Tuesday, October 21, 2008

Cookbook Focus Plus Authentic Chinese Recipes

The Seventh Daughter: My Culinary Journey from Beijing to San Francisco
by Cecelia Chiang and Lisa Weiss

This book does double duty as cookbook of authentic Chinese recipes that you’ll want to prepare in your own kitchen, and as a memoir that reads like a novel. It tells the story of a courageous woman who lived an adventurous life that spans from the China of the 1920s and 30s to San Francisco in the 60s and beyond.

Cecelia Chiang is largely credited with popularizing Chinese regional cuisine with Americans via her famous San Francisco restaurant, The Mandarin (unfortunately now closed). She started the restaurant against popular wisdom outside of San Francisco’s Chinatown when it was believed she was committing financial suicide. Instead she succeeded and flourished, presiding over what became a restaurant empire.

The recipes in this collection contain many Mandarin favorites along with authentic Chinese recipes from Cecelia’s own family. Interspersed between the recipes are chapters of Cecelia’s life in China during a tumultuous time in its history, her eventual immigration to the United States, and a behind the scenes look into one of America’s most respected and successful restaurants and restaurateurs.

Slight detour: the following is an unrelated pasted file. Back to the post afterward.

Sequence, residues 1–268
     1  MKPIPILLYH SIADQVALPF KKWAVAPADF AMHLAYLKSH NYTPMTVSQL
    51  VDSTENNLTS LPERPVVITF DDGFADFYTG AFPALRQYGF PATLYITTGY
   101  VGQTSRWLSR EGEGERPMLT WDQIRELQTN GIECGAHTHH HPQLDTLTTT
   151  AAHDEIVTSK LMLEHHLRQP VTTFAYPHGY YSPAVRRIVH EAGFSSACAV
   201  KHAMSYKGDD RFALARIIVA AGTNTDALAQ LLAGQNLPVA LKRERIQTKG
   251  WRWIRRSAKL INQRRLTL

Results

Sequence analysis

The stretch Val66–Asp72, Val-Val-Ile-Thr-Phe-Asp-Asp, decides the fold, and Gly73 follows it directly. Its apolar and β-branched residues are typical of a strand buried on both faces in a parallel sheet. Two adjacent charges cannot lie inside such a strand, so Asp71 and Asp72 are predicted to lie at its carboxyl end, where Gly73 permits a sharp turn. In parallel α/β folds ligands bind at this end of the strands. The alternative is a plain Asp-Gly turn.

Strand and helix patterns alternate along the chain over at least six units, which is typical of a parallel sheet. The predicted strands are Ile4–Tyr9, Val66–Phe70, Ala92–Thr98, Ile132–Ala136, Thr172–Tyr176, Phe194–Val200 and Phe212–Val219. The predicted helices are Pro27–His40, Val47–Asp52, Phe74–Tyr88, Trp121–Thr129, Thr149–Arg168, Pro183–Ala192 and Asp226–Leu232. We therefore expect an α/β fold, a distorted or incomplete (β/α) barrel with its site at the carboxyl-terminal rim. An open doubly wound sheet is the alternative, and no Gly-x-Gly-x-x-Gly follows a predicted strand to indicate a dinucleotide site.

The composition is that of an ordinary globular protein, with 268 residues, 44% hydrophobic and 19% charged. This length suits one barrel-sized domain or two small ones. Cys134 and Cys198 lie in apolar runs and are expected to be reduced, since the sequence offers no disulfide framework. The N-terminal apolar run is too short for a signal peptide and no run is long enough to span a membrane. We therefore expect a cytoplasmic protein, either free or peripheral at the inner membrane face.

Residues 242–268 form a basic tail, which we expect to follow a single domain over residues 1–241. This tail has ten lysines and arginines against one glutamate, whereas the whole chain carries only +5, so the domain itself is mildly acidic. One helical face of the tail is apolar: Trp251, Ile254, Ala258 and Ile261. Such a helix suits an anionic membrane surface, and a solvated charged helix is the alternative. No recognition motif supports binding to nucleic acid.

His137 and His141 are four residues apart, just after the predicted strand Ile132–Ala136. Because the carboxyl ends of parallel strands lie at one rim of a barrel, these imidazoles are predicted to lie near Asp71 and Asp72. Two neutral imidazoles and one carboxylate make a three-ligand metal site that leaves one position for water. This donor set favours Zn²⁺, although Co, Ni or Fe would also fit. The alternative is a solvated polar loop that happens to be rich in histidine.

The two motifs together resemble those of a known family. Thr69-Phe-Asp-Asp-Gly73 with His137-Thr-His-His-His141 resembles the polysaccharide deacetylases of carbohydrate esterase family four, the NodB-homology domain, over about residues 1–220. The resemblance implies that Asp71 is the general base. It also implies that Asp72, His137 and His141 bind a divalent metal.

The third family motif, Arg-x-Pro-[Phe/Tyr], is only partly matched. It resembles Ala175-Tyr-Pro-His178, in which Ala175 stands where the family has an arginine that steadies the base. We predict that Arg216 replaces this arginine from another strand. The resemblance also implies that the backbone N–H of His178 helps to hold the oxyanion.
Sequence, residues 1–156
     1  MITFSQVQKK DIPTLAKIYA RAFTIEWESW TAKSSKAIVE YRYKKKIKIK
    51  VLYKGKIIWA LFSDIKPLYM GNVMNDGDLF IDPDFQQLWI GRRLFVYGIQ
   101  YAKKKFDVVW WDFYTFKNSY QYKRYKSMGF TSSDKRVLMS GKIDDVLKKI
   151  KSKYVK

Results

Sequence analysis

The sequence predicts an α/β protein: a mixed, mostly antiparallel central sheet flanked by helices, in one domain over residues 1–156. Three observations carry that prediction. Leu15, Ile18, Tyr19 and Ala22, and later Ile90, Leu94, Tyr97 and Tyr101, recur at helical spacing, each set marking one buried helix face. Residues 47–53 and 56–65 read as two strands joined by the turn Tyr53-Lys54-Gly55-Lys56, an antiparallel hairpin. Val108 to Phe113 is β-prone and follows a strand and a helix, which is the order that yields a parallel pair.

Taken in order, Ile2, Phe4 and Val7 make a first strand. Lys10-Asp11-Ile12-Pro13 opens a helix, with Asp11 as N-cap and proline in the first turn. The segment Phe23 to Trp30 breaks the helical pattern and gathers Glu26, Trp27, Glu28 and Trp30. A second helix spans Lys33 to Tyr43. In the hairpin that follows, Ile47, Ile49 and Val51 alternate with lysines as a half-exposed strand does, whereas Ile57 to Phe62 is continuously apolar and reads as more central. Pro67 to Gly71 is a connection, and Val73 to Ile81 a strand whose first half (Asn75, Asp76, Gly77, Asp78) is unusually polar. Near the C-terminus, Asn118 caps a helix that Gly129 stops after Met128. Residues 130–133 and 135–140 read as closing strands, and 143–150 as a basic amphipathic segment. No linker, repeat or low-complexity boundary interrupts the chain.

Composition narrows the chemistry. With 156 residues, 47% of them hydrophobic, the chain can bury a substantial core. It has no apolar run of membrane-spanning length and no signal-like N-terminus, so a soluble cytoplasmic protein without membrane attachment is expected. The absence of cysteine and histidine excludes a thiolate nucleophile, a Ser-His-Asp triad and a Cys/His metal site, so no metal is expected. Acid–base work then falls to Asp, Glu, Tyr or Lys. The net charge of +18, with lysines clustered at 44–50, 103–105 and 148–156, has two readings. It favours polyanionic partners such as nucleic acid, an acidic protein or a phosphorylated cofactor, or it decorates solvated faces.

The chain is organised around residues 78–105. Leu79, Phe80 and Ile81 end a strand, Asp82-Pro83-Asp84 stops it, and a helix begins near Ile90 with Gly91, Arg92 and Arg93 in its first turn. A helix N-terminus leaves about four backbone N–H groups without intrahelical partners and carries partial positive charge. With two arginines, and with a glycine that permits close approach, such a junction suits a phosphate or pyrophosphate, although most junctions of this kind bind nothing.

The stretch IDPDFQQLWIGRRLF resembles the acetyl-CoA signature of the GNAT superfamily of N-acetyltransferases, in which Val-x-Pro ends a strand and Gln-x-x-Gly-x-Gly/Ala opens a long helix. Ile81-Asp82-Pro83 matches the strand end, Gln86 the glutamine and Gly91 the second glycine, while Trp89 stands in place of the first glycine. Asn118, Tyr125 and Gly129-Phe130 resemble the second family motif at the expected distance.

She brings a unique perspective to both Chinese and American cultures in this fascinating memoir, including the immigrant experience and the perspective of an independent woman setting up a successful buisness in a man's world.

It’s hard to choose which of the two sides of this book are more enjoyable. Perhaps its best use would be to cook yourself some delicious Chinese recipes, then read while you eat.

Sample Recipes from The Seventh Daughter:

  • Tea Eggs -- These beautiful marbleized eggs are the ultimate snack food. They’re nutritious, can be served warm or cold, are portable, and best of all, are easy to make. But not only are they perfect for a picnic, they’re quite elegant on a platter at a buffet.
  • Eggplant in Garlic Sauce -- This dish is one Cecelia served since her early days on Polk Street in San Francisco. At first, her customers had difficulty with the idea that eggplant could be served cold. Most eggplant recipes at this time were fired and served hot. But this spicy version quickly won them over.
Click here for more information about The Seventh Daughter or to order through Amazon.com.

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